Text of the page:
Rabbi Moshe Cordovero
(1522 - 1570)
Little biographical detail is known about R. Moshe,
but his influence has been incalculable. Most of his relatively short
life was spent in Safed, but his
sublime personality, powerful intellect and prolific literary output
were felt in the entire Jewish world.
He was a beloved disciple of R.
Yosef Caro who in his collected Responsa included two by R. Moshe,
commenting on one of them. This judge has penetrated to the depths
of the law. R. Moshe was one of the four who received semicha
from R. Yosef Berab. He served as Rosh Yeshiva and as judge. But, his
fame rests on his contribution to Kabbalistic literature and thought.
Although he did not begin studying Kabbalah seriously until he was 20, by the age of 27 he already completed one
of the monumental classics of the Kabbalah. Pardes Rimonim, a
synthesis of all the major topics in the field, divided into thirty
two gates. His chief mentor was his brother-in-law, R.
Shlomo Alkabez, the famed author of Lecha Dodi.
R. Shlomo, R. Moshe, and several other disciples would
frequently subject themselves to Banishments (Gerushin),
when they would leave their homes and engage in unstructured study of
various verses and be granted fresh insights. The theory was that since
the shechinah (Divine indwelling) was in galut (exile),
one could not fully comprehend Torah without leaving ones home. These study sessions are collected
in a volume called Gerushin. One of his most popular works
is The Palm Tree of Deborah (Tomer Devorah), which describes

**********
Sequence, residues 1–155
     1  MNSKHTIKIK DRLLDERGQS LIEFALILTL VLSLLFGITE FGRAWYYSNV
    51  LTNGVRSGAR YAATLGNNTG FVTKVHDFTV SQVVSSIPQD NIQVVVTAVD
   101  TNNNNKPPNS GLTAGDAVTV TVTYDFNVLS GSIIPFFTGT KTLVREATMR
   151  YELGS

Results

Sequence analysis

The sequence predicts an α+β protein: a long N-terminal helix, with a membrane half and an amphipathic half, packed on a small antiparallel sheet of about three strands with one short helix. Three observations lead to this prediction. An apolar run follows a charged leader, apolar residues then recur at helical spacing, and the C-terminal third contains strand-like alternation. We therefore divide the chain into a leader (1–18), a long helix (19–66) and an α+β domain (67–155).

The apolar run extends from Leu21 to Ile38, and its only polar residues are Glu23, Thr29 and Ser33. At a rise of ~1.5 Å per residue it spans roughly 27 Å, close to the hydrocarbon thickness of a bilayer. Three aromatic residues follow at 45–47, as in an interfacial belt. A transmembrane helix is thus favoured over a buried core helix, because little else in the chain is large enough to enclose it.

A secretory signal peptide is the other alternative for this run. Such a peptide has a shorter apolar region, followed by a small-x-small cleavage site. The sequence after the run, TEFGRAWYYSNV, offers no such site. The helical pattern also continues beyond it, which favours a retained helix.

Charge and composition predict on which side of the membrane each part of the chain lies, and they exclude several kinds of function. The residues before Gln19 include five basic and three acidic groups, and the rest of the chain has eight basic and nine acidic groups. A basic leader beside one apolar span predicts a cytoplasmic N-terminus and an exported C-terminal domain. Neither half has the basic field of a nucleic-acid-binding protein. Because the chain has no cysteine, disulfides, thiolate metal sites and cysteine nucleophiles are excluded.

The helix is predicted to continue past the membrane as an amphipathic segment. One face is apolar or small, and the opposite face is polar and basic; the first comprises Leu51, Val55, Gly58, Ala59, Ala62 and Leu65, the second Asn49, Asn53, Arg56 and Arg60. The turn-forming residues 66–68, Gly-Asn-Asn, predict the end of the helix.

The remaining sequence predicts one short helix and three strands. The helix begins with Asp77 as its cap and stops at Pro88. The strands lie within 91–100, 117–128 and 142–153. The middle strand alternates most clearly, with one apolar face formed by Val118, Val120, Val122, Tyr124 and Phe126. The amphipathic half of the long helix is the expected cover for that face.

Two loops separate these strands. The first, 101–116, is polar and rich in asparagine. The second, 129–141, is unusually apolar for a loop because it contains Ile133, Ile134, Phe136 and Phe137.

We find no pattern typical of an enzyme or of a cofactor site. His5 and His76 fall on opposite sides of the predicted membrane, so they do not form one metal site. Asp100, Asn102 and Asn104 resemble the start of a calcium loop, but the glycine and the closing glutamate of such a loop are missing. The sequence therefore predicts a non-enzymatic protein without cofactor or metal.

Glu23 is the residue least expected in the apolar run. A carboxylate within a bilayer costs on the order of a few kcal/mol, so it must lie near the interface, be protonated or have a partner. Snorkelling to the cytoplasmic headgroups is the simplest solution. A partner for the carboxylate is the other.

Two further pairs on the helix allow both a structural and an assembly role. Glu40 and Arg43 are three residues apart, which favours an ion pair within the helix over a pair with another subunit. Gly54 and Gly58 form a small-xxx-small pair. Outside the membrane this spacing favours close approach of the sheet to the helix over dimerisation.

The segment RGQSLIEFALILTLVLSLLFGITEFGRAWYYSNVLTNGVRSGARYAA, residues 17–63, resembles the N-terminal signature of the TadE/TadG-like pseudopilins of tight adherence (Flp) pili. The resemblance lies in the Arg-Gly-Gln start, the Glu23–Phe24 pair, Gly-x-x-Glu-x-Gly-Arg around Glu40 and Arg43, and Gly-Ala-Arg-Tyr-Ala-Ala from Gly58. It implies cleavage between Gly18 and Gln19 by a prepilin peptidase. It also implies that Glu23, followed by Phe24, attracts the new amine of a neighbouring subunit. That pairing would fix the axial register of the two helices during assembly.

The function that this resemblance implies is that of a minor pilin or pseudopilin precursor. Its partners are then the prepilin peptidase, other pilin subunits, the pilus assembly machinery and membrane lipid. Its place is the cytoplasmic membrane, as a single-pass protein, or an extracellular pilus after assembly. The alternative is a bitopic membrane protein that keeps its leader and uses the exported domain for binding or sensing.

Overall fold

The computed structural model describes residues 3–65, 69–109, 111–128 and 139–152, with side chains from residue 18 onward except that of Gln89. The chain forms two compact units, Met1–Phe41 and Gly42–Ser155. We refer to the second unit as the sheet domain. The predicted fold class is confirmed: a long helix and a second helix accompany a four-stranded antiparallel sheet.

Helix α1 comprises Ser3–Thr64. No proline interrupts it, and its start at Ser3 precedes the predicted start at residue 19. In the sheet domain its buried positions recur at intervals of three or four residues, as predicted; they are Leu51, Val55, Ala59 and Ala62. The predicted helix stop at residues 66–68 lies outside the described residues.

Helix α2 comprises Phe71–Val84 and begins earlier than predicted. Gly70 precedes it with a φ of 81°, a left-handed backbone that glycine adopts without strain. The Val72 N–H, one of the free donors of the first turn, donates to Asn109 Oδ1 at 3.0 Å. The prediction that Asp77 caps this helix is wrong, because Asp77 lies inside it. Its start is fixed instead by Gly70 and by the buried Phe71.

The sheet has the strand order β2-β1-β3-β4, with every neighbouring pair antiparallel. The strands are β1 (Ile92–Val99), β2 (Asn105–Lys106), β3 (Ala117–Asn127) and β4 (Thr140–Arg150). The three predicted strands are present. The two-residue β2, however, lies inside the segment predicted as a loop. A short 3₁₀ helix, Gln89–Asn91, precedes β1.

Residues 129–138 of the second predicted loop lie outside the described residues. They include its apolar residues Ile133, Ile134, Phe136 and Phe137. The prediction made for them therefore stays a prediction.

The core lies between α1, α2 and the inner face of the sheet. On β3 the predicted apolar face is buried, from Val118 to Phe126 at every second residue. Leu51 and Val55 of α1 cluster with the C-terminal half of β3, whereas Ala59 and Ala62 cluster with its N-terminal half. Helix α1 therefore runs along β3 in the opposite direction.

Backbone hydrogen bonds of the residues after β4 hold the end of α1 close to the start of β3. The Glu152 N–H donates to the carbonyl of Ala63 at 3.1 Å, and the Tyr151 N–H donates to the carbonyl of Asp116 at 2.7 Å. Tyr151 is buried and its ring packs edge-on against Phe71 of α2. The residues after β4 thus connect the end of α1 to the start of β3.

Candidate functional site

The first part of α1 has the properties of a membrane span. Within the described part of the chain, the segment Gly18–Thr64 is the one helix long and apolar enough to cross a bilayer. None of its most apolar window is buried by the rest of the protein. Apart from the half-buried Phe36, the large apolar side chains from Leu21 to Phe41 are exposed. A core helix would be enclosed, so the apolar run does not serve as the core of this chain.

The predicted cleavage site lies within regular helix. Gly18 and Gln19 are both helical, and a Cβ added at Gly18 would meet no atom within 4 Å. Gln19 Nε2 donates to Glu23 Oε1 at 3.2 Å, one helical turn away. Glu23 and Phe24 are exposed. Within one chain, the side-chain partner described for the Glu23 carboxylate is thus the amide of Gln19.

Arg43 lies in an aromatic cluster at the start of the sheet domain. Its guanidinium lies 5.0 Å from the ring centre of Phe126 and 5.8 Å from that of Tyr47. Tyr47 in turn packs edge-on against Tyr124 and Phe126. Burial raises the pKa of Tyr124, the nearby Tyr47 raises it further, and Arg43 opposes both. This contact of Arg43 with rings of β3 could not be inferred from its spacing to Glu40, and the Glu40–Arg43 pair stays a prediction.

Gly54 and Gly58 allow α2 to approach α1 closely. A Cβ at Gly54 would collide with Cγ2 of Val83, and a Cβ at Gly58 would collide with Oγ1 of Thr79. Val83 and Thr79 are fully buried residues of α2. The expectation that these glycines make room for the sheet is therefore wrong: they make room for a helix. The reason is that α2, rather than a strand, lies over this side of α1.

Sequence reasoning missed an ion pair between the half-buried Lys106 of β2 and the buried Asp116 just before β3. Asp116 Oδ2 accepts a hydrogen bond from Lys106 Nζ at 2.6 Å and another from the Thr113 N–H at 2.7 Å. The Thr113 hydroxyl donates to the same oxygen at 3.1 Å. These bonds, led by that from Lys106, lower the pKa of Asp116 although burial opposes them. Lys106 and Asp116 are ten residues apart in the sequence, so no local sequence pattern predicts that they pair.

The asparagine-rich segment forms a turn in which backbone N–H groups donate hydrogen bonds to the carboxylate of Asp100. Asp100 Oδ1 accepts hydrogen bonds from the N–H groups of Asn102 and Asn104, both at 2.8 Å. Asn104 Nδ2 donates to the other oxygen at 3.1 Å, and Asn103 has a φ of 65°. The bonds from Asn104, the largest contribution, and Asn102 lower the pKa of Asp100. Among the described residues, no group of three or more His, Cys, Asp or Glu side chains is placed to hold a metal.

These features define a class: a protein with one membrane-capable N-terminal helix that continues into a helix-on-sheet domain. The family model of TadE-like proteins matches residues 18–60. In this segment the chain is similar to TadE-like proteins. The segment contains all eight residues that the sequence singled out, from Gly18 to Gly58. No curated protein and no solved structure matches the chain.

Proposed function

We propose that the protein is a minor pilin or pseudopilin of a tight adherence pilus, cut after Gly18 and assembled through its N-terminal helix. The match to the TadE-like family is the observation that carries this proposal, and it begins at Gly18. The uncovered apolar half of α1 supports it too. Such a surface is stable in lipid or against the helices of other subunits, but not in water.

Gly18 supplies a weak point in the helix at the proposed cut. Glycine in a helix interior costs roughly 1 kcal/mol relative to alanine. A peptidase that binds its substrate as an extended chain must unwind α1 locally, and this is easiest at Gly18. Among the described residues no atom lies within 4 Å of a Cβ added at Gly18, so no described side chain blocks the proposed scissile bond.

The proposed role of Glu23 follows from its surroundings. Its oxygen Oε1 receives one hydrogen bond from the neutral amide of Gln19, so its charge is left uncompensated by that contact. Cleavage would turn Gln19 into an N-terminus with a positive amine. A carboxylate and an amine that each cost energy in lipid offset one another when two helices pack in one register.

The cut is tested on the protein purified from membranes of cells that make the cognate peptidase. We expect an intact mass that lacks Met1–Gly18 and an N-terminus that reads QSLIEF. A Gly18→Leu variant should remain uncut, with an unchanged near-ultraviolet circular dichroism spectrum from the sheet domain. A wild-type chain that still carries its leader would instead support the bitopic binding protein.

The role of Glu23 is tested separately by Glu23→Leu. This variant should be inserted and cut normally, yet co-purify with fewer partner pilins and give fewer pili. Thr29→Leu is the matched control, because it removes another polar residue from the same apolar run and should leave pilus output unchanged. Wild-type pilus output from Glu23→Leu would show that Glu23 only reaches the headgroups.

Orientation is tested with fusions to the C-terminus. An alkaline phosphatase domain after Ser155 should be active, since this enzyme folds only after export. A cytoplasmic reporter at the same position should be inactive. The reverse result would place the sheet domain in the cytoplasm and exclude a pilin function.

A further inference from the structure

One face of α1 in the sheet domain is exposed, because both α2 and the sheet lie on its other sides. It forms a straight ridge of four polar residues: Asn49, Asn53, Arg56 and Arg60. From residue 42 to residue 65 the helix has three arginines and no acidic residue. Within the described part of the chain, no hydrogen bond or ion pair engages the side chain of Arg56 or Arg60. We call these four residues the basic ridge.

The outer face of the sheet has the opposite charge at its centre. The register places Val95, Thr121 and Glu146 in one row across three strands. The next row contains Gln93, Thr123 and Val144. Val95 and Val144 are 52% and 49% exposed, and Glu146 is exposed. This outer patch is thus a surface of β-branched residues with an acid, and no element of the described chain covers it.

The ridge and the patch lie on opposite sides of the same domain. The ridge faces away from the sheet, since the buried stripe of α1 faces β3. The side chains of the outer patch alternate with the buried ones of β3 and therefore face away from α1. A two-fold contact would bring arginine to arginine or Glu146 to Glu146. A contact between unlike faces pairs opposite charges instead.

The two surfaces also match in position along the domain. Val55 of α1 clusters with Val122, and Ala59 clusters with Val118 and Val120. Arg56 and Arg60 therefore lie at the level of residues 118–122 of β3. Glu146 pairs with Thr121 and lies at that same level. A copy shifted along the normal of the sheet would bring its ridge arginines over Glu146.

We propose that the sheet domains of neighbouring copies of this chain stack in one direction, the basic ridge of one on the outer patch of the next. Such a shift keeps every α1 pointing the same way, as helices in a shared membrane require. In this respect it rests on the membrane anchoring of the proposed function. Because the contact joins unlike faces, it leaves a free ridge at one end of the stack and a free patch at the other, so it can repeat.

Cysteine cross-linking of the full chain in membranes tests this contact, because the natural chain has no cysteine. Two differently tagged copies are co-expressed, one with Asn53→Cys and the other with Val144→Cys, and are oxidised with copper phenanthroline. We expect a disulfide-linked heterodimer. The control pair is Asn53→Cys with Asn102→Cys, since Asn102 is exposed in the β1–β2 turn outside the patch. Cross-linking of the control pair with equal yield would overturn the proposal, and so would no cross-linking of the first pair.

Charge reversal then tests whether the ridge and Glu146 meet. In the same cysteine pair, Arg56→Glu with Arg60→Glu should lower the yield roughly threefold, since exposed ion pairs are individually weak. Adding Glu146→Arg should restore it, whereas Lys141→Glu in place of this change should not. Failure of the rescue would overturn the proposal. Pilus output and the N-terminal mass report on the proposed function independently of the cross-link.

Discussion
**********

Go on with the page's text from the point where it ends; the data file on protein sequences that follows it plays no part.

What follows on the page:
how a Jew may imitate his Maker in his daily life. The Sweet Light (Or Neerav) explains the necessity of studying Kabbalah. In this
volume R. Moshe criticizes those who study this subject without prior
Torah knowledge, pointing out that one must first study Bible, Mishnah, and
Gemara before studying Kabbalah.
In his Elimah Rabbati and Shiur Komah,
R. Moshe acknowledges the usefulness of philosophy but seeks to demonstrate
its inadequacy in solving the problem of the bridge between G-d and
While emphasizing the importance of logical analysis,
R. Moshe points out that complete knowledge is only possible with the
eyes of the soul which yields the inner sight (HaRiyah Hapnimis).
After the publication of the Pardes Rimonim,
many Italian scholars traveled to Safed to study with R. Moshe directly.
Paradoxically, R. Moshes magnum opus, Or Yakar (The Precious
Light), a comprehensive commentary on the Zohar remained unpublished
for 400 years. Publication of this multi-volume work was finally begun
in 1962 and completed in 1989.
At R. Moshes funeral the Holy Ari observed a
pillar of light and his revered rebbe, R. Yosef Caro exclaimed, Here
lies the Ark of the Torah.